Vertical living in the South End
In a town house, a formal parlor gets a childproof makeover, from end to end.
At a loss for how to set up the narrow front parlor in the town house that she and her husband, Joe Shapiro, had purchased in the South End, Lynn Clark did something she hadn’t even considered before: She hired an interior designer. “Our last place had blank walls,” she says, “and we don’t entertain with passed hors d’oeuvres. We just wanted a space that we could really live in.”
With a baby on the way, Clark took to local online parenting community GardenMoms for designer recommendations. In the spring of 2012, about six months before moving in, she hired interior designer Stephanie Sabbe. That Sabbe had a 1-year-old herself was a plus. “We knew she would understand our needs and how to resolve them,” Clark says. “Plus, she’s funny and charming.”
The initial task was to transform the 250-square-foot first-floor parlor into a multipurpose living space (it’s on the same floor as the kitchen) where parents and child would spend most of their family time. It would also be where the couple, who both work in publishing, would watch television in the evening and hang out with friends and their kids on weekends. Sabbe divided the room, which is architecturally blessed with tall bow windows and an original marble fireplace, into two zones. She transformed the front half of the space, next to the windows, into a comfortable seating area and left the inner half uncluttered so it could function as the play area that Clark had asked for.
Clark wanted the room to be both elegant and livable, with a fun color scheme to offset the traditional architecture. The starting point was the blue velvet (and stain-resistant) Kravet fabric for the sofa. The patterned chartreuse rug was an inexpensive online find — the new parents wouldn’t have to worry about keeping it pristine. Devoid of sharp edges, the sturdy coffee table has a finish that can be easily touched up if (when!) scuffed.
Although the homeowners hoped to keep their existing entertainment center, they quickly realized that not only did it take up too much space, it also wasn’t particularly child friendly. Instead, the television is mounted to the wall, so cords are tucked away and the danger of its tipping over is nil. A small locked cabinet below the TV keeps electronics safe, and a bright tray atop the cabinet holds remotes and stray board books. Storage ottomans on either side of the cabinet contain toys and can be pulled out for extra seating; Sabbe designed built-in shelving for the shallow niches on either side of the fireplace for books and knickknacks. The designer avoided floor lamps — a potential hazard to children learning to crawl or walk — entirely.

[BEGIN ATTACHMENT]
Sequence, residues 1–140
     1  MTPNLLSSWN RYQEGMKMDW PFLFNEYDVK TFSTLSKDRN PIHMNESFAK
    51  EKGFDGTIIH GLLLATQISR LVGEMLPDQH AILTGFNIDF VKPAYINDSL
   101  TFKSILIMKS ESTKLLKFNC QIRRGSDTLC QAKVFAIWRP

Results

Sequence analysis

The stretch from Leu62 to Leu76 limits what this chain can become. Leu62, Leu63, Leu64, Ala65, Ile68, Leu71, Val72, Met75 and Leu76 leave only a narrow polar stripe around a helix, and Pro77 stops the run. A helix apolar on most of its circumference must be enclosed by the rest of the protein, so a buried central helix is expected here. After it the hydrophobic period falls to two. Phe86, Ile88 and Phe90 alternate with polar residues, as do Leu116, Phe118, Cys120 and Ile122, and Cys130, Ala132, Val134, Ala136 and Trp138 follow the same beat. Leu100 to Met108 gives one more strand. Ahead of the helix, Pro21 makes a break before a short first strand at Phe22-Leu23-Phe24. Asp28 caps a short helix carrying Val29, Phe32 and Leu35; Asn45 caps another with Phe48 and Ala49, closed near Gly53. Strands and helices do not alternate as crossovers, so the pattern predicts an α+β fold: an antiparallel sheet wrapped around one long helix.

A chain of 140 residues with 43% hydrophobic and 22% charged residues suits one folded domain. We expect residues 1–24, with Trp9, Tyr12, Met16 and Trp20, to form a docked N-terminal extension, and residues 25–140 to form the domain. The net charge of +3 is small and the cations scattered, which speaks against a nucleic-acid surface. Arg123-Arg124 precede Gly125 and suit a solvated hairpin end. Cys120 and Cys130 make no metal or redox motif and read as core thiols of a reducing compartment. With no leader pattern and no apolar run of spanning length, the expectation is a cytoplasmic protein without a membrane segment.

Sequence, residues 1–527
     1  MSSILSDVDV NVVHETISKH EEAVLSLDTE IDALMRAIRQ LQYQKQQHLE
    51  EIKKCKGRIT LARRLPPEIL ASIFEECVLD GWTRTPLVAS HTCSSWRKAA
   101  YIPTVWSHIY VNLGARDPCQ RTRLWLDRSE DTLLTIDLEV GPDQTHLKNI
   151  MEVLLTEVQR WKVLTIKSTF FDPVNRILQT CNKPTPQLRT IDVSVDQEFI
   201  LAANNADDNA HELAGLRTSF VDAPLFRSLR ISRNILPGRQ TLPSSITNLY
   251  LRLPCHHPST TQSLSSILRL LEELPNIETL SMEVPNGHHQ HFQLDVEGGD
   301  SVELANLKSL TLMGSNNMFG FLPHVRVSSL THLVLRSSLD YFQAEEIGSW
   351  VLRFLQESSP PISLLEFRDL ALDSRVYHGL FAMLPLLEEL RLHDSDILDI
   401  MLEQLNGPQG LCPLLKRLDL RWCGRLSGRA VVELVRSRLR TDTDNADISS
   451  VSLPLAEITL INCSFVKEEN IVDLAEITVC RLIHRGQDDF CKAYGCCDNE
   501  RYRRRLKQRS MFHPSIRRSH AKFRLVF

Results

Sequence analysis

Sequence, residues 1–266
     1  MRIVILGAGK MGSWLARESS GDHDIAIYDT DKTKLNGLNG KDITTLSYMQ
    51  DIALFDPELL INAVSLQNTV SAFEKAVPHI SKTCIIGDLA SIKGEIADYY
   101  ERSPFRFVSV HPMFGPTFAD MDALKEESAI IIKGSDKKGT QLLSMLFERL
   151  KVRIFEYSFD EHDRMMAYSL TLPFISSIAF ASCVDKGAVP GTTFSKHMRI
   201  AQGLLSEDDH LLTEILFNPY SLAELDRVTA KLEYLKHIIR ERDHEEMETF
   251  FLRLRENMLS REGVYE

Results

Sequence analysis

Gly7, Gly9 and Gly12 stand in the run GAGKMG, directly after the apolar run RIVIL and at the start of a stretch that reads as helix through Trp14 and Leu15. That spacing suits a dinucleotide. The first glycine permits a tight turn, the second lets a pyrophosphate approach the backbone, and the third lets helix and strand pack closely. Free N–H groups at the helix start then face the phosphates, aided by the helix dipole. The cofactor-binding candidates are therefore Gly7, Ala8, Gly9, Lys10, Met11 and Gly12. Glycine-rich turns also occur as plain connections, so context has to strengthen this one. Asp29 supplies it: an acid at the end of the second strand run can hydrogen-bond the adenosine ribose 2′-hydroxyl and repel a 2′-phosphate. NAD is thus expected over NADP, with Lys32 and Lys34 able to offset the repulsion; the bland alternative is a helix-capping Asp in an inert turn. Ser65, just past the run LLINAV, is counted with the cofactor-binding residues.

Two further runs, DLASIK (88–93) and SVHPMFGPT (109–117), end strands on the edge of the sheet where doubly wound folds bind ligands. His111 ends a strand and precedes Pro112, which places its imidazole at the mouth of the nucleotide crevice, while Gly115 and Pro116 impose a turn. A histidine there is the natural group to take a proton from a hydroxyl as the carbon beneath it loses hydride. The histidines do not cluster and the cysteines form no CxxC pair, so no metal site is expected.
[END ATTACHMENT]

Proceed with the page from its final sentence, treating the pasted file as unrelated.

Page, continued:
Ikat armchairs round out the conversation circle. In a genius move, Sabbe chose chairs that swivel to face either half of the room, providing the couple with a comfortable place to sit when entertaining their daughter in the open play space. Clark put her daughter’s play mat there when she was a baby. As she grows, they envision adding a mini table and chair set for art projects. For more toy storage, Sabbe designed a built-in bench with drawers.
Vertical living can be challenging with a little one, so the homeowners decided to add a first-floor powder room that Sabbe outfitted with lively wallpaper, a tiny sink, and quirky mirror. And because the home office is on the third floor, Sabbe found a vintage secretary that she had refinished and tucked into one corner of the play space so that Clark can check e-mail on her laptop or grab a stamp without climbing the stairs.
Sabbe also brought her design savvy to bear on the nursery, up one flight from the living space. Clark came up with the overall vision — an aqua and orange color scheme and gray striped walls. “I knew I was having a girl,” says Clark, “but I’m not frilly. And this way, if we have a boy later or want to use it as a guest room, it will work.”
Sabbe mapped it out so that the stripes align perfectly with the architecture of the room, and found the fabric for the Roman shades, which Clark admits she’d never have chosen on her own. The shades are lined with blackout material and are cordless, so there’s nothing for little fingers to pull on.
Clark says: “We haven’t once looked at anything and thought, ‘Why did we do that?’ That’s a testament to Stephanie as a designer.”
Marni Elyse Katz blogs about design at StyleCarrot.com. Send comments to email@example.com.